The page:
But disputes involving lettings agents showed a slight rise of 3% this quarter – this is way down on the 200% over the whole of last year as many more lettings agents joined the redress scheme.
As in 2008, the most prominent reasons for disputes arising from lettings related to the standards of referencing carried out by agents, whether or not inspection visits had taken place and, to a lesser extent, administration of the deposit, Hamer said.
During the first quarter of 2009, Hamer received 3157 inquiries regarding disputes with estate agents, both for sale and lettings, up from 3011 in the last three months of 2008. As a result, 102 new cases were opened regarding sales (162 in October to December 2008) and 90 involving lettings (87).
Lettings agents are not required to join a redress scheme such as The Property Ombudsman through legislation, unlike sales agents, but the numbers joining continue to rise, making them subject to the Property Ombudsman’s Lettings Code of Practice.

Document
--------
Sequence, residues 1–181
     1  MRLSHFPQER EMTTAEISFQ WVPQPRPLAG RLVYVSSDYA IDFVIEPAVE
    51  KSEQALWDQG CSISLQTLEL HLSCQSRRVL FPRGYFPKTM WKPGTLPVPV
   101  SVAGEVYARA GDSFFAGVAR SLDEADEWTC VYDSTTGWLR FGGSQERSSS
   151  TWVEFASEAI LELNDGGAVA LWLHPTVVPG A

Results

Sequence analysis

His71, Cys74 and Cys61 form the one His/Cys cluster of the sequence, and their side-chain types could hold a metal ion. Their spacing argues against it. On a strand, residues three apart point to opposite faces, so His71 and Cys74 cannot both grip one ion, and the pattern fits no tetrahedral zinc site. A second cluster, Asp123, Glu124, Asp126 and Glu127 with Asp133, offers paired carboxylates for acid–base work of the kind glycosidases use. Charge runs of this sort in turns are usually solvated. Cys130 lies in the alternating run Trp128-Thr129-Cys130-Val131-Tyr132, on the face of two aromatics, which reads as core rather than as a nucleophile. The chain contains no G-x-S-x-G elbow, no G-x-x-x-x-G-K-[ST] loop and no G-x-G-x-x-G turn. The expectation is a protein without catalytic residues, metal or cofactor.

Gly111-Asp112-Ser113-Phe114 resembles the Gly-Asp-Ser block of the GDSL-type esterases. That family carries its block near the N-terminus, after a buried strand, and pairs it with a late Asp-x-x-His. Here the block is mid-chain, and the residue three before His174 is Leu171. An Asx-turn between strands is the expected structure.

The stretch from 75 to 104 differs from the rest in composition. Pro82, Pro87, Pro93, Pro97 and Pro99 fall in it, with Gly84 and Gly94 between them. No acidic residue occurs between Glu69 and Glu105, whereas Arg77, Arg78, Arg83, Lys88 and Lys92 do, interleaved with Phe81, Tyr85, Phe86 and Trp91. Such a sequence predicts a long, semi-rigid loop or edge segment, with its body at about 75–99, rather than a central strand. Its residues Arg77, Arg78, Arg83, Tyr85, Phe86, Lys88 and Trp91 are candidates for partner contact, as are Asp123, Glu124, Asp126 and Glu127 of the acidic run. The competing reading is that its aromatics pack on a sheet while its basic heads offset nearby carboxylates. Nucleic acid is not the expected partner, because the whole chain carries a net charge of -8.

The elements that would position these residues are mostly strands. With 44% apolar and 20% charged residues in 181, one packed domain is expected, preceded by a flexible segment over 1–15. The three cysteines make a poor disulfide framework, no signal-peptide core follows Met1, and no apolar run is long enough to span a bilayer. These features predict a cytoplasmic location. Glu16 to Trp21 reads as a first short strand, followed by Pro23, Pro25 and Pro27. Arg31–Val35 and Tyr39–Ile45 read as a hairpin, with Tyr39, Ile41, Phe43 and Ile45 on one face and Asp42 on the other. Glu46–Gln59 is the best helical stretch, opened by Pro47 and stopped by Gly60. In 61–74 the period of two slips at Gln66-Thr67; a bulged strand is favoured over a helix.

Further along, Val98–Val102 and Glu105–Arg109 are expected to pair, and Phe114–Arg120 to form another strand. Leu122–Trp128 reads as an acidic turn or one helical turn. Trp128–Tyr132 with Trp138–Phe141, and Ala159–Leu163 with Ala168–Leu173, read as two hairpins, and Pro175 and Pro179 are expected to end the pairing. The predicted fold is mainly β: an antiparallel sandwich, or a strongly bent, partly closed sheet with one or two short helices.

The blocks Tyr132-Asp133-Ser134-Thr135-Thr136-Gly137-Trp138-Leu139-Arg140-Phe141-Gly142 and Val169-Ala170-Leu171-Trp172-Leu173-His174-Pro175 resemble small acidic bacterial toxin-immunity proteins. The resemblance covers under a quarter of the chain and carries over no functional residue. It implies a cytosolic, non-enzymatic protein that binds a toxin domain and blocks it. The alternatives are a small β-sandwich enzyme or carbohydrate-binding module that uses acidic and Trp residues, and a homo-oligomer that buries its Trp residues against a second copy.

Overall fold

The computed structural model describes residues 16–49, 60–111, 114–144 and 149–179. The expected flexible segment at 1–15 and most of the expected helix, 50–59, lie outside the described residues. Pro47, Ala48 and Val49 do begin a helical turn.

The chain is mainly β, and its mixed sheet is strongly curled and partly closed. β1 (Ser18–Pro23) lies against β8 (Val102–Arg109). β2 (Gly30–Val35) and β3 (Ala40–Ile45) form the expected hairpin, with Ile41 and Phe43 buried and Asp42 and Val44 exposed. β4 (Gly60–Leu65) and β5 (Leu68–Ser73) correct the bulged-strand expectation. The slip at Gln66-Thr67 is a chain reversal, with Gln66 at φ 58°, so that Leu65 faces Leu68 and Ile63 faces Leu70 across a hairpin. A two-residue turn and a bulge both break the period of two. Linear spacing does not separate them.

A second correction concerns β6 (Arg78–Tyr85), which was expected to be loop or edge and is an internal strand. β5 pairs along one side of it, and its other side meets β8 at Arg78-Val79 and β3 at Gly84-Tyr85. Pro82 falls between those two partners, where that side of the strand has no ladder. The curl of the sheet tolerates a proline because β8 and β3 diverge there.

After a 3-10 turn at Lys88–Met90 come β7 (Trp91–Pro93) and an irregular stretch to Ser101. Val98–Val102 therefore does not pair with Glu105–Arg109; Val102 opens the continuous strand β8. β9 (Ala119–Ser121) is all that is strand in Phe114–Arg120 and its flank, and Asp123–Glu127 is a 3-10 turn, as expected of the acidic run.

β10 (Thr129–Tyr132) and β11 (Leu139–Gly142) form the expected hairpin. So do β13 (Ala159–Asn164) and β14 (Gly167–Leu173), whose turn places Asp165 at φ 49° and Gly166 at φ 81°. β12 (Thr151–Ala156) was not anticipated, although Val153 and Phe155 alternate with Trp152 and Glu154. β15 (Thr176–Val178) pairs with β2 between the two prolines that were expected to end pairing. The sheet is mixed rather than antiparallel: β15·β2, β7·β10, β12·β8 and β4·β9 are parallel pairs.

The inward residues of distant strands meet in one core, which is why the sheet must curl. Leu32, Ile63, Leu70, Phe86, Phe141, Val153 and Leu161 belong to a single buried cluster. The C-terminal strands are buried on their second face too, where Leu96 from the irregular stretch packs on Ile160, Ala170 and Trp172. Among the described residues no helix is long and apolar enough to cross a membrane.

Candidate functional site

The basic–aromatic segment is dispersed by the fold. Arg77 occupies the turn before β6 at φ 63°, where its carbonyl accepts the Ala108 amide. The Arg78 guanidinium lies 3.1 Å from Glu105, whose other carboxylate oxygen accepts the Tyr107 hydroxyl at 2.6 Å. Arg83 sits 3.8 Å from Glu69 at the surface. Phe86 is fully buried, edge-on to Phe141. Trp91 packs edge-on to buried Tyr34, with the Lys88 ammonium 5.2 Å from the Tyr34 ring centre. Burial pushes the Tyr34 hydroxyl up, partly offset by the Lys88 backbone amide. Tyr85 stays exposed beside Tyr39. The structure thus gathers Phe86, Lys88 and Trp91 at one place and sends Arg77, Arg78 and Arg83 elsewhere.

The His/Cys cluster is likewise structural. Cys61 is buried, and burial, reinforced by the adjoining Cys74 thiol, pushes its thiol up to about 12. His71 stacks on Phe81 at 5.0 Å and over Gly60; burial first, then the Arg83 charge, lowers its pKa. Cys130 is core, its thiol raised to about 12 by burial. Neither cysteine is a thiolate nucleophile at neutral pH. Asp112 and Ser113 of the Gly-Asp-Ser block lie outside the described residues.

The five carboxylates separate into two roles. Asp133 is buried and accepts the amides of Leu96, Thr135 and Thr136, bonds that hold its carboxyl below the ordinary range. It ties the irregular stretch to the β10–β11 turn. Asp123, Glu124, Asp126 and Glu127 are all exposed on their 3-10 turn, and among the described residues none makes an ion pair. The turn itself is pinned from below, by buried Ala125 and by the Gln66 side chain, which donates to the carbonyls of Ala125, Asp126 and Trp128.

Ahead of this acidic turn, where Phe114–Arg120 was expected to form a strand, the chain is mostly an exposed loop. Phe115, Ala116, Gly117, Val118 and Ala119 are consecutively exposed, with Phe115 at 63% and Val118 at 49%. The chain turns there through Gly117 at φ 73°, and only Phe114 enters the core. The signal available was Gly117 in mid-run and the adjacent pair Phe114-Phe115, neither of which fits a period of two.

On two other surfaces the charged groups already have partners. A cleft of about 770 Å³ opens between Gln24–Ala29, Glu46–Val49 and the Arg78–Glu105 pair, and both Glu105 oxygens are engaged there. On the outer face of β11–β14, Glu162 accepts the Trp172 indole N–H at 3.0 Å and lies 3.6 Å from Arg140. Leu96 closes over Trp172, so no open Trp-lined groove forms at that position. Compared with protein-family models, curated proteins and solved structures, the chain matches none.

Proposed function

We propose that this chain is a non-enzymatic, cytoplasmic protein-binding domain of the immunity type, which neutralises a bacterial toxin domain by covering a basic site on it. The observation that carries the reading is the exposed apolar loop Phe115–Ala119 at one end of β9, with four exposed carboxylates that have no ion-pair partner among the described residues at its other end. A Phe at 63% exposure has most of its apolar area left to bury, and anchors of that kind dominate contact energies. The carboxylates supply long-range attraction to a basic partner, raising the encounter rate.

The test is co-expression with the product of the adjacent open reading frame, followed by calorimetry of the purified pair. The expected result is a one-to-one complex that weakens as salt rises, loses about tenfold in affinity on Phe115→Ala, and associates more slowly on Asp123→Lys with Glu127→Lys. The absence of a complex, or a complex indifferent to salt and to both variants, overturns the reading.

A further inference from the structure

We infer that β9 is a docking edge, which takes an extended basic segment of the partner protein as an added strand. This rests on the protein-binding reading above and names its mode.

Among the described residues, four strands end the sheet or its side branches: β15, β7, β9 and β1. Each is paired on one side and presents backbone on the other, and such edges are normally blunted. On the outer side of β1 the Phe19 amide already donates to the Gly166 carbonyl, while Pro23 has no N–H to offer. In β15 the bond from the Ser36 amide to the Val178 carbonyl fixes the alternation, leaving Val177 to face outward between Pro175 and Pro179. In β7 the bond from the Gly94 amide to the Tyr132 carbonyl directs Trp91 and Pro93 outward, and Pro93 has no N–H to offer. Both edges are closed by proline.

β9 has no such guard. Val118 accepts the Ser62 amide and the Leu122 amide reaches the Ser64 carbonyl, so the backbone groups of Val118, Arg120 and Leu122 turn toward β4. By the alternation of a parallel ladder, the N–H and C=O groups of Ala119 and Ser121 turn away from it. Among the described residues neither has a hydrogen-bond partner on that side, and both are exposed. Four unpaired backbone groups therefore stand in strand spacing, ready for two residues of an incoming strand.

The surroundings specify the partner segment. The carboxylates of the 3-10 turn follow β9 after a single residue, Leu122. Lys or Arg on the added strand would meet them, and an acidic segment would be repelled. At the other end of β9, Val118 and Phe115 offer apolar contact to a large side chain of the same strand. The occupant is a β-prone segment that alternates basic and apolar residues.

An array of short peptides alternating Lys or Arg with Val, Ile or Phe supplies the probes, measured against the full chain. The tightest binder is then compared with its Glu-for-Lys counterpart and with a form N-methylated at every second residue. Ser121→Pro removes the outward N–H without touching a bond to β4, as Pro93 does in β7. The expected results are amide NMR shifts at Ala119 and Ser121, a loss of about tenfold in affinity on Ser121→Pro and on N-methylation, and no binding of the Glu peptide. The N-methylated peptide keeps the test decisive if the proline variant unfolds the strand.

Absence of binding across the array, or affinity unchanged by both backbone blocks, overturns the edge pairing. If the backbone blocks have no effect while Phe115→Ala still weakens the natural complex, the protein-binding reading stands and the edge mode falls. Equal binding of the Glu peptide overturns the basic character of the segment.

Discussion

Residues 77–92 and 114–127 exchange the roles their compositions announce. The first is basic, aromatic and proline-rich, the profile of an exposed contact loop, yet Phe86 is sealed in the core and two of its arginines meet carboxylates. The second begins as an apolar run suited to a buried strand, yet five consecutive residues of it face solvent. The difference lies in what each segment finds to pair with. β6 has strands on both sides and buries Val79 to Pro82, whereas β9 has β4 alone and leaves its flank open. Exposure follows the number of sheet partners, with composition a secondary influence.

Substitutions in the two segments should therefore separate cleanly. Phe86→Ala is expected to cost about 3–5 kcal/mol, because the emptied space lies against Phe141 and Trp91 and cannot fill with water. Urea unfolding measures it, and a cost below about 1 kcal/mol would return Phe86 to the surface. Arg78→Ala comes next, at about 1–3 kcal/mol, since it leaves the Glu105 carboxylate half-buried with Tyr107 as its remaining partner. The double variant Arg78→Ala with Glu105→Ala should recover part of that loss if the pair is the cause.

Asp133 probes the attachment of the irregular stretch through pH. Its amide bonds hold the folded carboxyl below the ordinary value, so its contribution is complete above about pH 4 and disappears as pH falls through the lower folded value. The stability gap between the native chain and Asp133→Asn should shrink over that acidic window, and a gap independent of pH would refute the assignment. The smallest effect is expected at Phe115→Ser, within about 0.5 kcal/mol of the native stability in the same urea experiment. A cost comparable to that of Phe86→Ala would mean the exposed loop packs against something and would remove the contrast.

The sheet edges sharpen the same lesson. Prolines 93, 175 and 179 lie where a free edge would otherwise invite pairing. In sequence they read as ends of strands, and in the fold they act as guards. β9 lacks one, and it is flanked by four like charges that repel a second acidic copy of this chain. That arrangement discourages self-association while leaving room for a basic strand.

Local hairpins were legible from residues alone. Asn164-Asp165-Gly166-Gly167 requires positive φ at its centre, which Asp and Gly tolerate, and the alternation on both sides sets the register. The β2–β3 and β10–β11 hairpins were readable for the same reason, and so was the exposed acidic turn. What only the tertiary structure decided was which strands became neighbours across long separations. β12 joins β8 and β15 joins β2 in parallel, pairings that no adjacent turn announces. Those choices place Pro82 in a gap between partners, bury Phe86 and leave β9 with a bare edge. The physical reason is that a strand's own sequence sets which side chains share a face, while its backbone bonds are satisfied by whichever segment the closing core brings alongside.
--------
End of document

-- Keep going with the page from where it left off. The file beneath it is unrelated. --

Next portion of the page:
The OFT is being asked to recognise The Property Ombudsman lettings Code of Practice under its Consumer Codes Approval Scheme which will ensure consistency in the standards of services delivered across both the sales and lettings markets. It would also mean that both Property Ombudsman codes had received independent scrutiny and accreditation, enhancing their credibility for consumers.
By the end of March, 2009, 5639 lettings offices in the UK had voluntarily joined the Ombudsman scheme compared with 5100 at the start of the year, a rise of 10.5%.
Hamer is now visiting agents around the UK to discuss how he deals with cases and explain to member agents how legislative changes will impact on the practices of the scheme.
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